PHOTO COURTESY OF ALLIED
DOMECQ SPIRITS USA
As anyone remotely associated with the beverage alcohol industry already knows, vodka has clicked with consumers in a big way. The category dominates the spirits landscape, with vodka consumption now accounting for 26.6% of all distilled spirits sold in the U.S., at more than 44 million 9-liter cases. While interest in other spirits categories are on the rise, vodka clearly remains America’s favorite spirit.
The vodka category grew an impressive 6% in 2004, according to Adams Handbook Advance 2005, and is expected to maintain this upward spiral for several years. Large numbers of new entries still cross our shores in search of those precious few available facings. This steady stream of high-quality brands provides retailers and consumers alike the opportunity to enjoy the hunt for the next hot new vodka.
Ever wonder why? In a country that loves bold flavors, throaty V-8s and bone-crunching sports, how did something so pristine and subtle as vodka grab the limelight?
Diageo’s Smirnoff brand remains the best-selling vodka in the U.S., with sales of more than 7.25 million 9-liter cases. The brand’s Twist line of flavors has become particularly popular.
One driving force behind its market dominance is its mixability. The spirit is featured in more recipes than any other type of spirit, largely because of its unsurpassed ability to bolster nearly any combination of disparate ingredients. Armed with a top-shelf bottle of vodka even time-strapped professionals can become a capable mixologist.
High-end vodkas have fueled the decade-long cocktail culture so pervasive in American nightlife. There would be no Martini renaissance with the advent of high-end vodka brands. The Cosmopolitan wouldn’t exist without Absolut Citron. Kamikazes, White Russians, Lemon Drops and Bloody Marys all derive their spirit from vodka.
Today, vodka enthusiasts are savvier and more discerning. Judging by the rapidly expanding superpremium sector of the category, people have developed a taste for the good stuff. And as it turns out the good stuff is just about the most intriguing of spirits in the distiller’s repertoire.
Appreciating the impact appellation has on a spirit is readily acknowledged with malts and brandies, but it is only recently being applied to vodka. Just like when selling a bottle of single malt, piquing the consumer’s enthusiasm for discovery is a sure-fire way of bumping your sales up a notch.
Vodkas are the unique products of microclimate, technique and water. Their base commodities, be they grain, grapes or potatoes, are nurtured by the sun and soil. Distillation renders their essence into the lightest of all spirits, one unfettered by the weighty effects of barrel aging. The character of the water is a most telling ingredient, however. Water is what gives vodka its singular identity — its genetic fingerprint, if you will — which in respect to the top-end brands is why no two are alike.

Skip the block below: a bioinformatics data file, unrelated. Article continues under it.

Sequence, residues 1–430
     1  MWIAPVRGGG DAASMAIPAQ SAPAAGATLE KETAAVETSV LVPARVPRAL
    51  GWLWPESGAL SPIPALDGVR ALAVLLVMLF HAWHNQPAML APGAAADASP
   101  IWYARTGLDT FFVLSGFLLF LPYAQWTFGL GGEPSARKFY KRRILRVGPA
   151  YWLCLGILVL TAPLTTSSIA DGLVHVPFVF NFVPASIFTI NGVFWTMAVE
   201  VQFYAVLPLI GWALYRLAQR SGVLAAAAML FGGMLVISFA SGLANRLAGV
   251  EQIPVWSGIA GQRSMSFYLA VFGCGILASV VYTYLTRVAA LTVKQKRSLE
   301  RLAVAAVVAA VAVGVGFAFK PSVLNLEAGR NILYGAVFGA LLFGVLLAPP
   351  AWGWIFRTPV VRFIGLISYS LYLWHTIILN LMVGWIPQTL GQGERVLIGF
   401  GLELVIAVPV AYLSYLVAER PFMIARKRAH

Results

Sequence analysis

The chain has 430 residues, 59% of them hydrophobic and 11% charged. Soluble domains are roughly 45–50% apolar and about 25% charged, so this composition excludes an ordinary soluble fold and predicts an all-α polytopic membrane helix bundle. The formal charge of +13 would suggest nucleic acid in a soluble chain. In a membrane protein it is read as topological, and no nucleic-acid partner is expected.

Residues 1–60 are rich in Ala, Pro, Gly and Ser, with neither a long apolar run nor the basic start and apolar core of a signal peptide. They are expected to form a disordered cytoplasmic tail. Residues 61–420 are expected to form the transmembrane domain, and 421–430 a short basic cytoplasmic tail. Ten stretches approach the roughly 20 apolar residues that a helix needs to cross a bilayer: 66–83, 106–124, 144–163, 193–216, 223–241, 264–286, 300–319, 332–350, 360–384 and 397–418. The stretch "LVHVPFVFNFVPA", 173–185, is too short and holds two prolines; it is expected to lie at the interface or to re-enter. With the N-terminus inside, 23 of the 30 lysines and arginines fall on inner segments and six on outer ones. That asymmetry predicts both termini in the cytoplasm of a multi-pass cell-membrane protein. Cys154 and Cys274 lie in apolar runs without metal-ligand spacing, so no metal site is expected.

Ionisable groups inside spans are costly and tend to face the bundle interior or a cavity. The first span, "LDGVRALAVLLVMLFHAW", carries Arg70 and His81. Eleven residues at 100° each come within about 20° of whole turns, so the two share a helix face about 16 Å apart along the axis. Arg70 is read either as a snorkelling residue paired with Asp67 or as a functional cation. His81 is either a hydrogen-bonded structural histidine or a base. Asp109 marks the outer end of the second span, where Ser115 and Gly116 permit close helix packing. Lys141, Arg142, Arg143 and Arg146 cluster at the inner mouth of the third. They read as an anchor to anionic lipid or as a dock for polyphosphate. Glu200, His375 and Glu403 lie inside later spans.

Perhaps vodka’s ace in the hole is its perceived value. From top to bottom, the category offers consumers a lot of bang for their buck.
McCormick’s value-priced flavored vodkas increased sales volume by 51.2% in 2004, while the entire McCormick Vodka brand sawa sales increase of 7.3% in 2004 to more than1.93 million 9-liter cases.
Like whiskeys and brandies, vodka is a regional sport. Countries and regions develop their own distinctive styles and enthusiasts want a balanced offering of types and styles from which to choose. To that end, here is our scouting report on what’s happening in the world of vodka.
The best-selling vodka in the U.S. is Smirnoff, with sales of more than 7.25 million 9-liter cases in 2004. The brand has expanded its influence with the release of a broad range of dynamically flavored vodkas, the most recent being Strawberry Twist. Others include Cranberry Twist, Citrus, Orange, Raspberry, Green Apple and Vanilla. The brand recently launched a line of Prepared Cocktails, called Smirnoff Signatures, which include the Screwdriver and the Cape Codder, both $8.99 suggested retail for a 750 ml.
Pernod Ricard USA launched Seagram’s Platinum Select Vodka, at 100 proof, last year. Including its flavored versions, the brand gained a hefty 38.9% last year to 639,000 9-liter cases after just two years on the market.
Meanwhile fast-growing Skyy Vodka released a new base brand, Skyy 90, a wheat vodka made in a technologically advanced, 5-column continuous still, which ultimately produces the industry’s first 100% distillate. Sierra Nevada spring water is added and the spirit is bottled at 90 proof. The elevated alcohol content gives the vodka more tingle on the palate, an enhanced mouth-feel and a bold, yet accessible character. It retails for $30 to $35 per 750 ml bottle.
The distillery’s flavored medley includes Skyy Melon — a 70 proof spirit infused with an all natural blend of honeydew, cantaloupe and watermelon — the most recent addition, Skyy Orange, as well as Skyy Spice, Vanilla and Berry Vodka, which joined their already successful Skyy Citrus Vodka.